Karl Marx: Revolution in China and in Europe

[Marx and Engels: On Colonies, Industrial Monopoly and Working Class Movement, Futura, 1972, 57 p., p. 15-16]


Written on 20th May 1853,
published in "The New York Daily
Tribune" on 14th June 1853.

... Whatever be the social causes and whatever religious, dynastic, or national shape they may assume, that have brought about the chronic rebellions subsisting in China for about ten years past, and now gathered together in one formidable revolution, the occasion of this outbreak has unquestionably been afforded by the English cannon forcing upon China that soporific drug called opium. Before the British arms the authority of the Manchu dynasty fell to pieces; the superstitious faith in the eternity of the Celestial Empire broke down; the barbarous and hermetic isolation from the civilized world was infringed; and an opening was made for that intercourse which has since proceeded so rapidly under the golden attractions of California and Australia [1]. At the same time the silver coin of the Empire, its lifeblood, began to be drained away to the British East Indies. ...

It is almost needless to observe that, in the same measure in which opium has obtained the sovereignty over the Chinese, the Emperor and his staff of pedantic mandarins have become dispossessed of their own sovereignty. It would seem as though history had first to make this whole people drunk before it could rouse them out of their hereditary stupidity.

Though scarcely existing in former times, the import of English cottons, and to a small extent of English woollens, has rapidly risen since 1833, the epoch when the monopoly of trade with China was transferred from the East India Company to private commerce, and on a much greater scale since 1840, the epoch when other nations, and especially our own, also obtained a share in the Chinese trade. This introduction of foreign manufactures has had a similar effect on the native industry to that which it formerly had on Asia Minor, Persia and India. In China the spinners and weavers have suffered greatly under this foreign competition, and the community has become unsettled in proportion.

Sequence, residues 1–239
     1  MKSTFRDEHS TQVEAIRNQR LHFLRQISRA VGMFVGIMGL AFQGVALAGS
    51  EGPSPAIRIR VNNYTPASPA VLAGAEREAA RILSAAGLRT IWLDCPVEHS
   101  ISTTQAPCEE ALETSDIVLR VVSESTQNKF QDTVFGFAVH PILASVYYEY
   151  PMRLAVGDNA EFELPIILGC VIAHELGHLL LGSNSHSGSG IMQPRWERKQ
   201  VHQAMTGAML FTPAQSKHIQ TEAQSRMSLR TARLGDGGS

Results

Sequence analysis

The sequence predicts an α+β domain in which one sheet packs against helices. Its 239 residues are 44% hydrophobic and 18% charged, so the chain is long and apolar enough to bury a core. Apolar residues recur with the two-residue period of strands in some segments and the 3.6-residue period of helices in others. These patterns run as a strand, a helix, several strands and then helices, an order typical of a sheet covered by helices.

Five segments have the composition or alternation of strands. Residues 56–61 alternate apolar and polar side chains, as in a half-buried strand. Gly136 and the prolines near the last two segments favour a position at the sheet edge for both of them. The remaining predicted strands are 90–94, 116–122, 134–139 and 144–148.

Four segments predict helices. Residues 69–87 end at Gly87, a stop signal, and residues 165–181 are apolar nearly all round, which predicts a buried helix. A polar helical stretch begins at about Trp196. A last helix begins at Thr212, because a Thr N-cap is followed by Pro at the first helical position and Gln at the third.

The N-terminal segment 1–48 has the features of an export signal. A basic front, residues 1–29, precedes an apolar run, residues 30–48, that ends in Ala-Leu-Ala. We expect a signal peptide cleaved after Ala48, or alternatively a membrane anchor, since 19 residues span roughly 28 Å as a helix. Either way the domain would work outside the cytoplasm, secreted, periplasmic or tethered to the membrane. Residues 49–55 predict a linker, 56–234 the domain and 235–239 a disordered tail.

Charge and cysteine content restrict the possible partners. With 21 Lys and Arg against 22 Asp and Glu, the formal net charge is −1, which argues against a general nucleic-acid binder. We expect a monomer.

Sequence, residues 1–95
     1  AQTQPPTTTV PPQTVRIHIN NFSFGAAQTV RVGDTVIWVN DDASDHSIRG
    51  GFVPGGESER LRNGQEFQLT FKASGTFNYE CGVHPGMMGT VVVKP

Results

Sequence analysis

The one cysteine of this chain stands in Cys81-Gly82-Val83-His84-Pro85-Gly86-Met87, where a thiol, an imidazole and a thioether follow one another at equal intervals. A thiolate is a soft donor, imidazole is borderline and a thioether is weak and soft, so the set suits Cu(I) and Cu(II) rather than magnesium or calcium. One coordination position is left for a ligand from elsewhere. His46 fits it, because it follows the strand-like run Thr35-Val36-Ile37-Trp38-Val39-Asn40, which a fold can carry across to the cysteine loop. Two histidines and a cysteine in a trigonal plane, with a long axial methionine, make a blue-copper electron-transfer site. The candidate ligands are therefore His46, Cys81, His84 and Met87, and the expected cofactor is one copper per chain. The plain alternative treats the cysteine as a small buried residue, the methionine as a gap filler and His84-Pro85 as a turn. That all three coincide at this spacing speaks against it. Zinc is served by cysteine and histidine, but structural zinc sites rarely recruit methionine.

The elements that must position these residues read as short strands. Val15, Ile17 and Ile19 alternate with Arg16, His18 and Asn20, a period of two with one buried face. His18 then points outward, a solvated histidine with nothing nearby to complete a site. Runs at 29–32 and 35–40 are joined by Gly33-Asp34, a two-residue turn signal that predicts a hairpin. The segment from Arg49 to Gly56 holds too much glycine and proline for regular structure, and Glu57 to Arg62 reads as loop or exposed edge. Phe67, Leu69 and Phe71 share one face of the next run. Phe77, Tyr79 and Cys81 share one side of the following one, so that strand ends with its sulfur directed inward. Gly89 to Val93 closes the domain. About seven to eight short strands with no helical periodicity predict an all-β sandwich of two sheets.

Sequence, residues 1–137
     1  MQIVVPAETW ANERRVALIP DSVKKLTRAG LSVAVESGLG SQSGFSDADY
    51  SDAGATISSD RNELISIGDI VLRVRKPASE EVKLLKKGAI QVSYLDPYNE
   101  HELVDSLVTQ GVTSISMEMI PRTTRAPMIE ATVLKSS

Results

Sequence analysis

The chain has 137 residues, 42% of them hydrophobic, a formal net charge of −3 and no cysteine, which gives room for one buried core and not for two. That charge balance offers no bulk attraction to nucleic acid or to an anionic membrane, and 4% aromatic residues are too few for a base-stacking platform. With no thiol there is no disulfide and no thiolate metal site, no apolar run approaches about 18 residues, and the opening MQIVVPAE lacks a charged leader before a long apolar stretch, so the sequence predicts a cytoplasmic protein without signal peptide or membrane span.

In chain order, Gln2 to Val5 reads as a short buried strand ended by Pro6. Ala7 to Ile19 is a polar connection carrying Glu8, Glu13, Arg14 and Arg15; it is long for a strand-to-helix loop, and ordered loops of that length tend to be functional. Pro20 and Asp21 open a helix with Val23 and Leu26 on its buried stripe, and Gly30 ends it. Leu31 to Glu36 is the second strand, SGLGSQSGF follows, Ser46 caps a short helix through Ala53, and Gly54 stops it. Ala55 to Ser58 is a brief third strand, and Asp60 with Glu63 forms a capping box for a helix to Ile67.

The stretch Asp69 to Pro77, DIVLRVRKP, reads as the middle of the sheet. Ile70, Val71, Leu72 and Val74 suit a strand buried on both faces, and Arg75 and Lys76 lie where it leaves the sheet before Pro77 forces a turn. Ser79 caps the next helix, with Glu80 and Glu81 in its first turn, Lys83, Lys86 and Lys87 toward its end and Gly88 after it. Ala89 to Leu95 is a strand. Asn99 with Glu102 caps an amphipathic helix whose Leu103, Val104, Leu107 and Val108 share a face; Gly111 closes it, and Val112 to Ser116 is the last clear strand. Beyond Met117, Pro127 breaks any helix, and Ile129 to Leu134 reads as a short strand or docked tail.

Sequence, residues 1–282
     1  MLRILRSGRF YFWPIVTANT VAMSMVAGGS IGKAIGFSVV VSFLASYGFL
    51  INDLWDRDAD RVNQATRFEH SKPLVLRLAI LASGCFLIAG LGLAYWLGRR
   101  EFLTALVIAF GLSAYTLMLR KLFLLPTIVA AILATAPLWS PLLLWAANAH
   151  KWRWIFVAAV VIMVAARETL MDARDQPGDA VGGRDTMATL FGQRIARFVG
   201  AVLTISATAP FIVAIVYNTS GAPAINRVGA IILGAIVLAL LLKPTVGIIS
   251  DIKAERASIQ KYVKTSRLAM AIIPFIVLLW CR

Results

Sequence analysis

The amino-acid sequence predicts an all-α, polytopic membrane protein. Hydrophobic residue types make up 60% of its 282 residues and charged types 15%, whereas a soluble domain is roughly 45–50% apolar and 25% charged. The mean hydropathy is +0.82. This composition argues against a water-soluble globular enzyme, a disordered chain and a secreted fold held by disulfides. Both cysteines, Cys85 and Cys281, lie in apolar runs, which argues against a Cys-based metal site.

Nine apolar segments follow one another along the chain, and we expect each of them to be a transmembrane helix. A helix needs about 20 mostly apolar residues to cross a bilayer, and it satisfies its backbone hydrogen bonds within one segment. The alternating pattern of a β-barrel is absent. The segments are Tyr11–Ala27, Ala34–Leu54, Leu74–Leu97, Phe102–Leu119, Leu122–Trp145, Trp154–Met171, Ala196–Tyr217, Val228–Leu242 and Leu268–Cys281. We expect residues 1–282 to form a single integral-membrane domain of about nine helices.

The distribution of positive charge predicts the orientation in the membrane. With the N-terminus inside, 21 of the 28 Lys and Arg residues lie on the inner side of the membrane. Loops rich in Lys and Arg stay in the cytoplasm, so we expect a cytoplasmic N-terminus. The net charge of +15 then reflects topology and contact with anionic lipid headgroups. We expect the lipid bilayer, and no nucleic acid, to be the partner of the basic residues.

The tribute to be paid to England after the unfortunate war of 1840, the great unproductive consumption of opium, the drain of the precious metals by this trade, the destructive influence of foreign competition on native manufactures the demoralized condition of the public administration, produced two things: the old taxation became more burdensome and harassing, and new taxation was added to the old. Thus in a decree of the Emperor, dated Peking, Jan. 5, 1853, we find orders given to the viceroys and governors of the southern provinces of Wuchang and Hanyang to remit and defer the payment of taxes, and especially not in any case to exact more than the regular amount; for otherwise, says the decree, "how will the poor people be able to bear it?"

"And thus, perhaps," continues the Emperor, "will my people, in a period of general hardship and distress, be exempted from the evils of being pursued and worried by the tax-gatherer."

Such language as this, and such concessions we remember to have heard from Austria, the China of Germany, in 1848.

All these dissolving agencies acting together on the finances, the morals, the industry, and political structure of China, received their full development under the English cannon in 1840, which broke down the authority of the Emperor, and forced the Celestial Empire into contact with the terrestrial world. Complete isolation was the prime condition of the preservation of old China. That isolation having come to a violent end by the medium of England, dissolution must follow as surely as that of any mummy carefully preserved in a hermetically sealed coffin, whenever it is brought into contact with the open air. Now, England having brought about the revolution of China, the question is how that revolution will in time react on England, and through England on Europe.


[1] This refers to emigration of Chinese.

MEOC p. 19.

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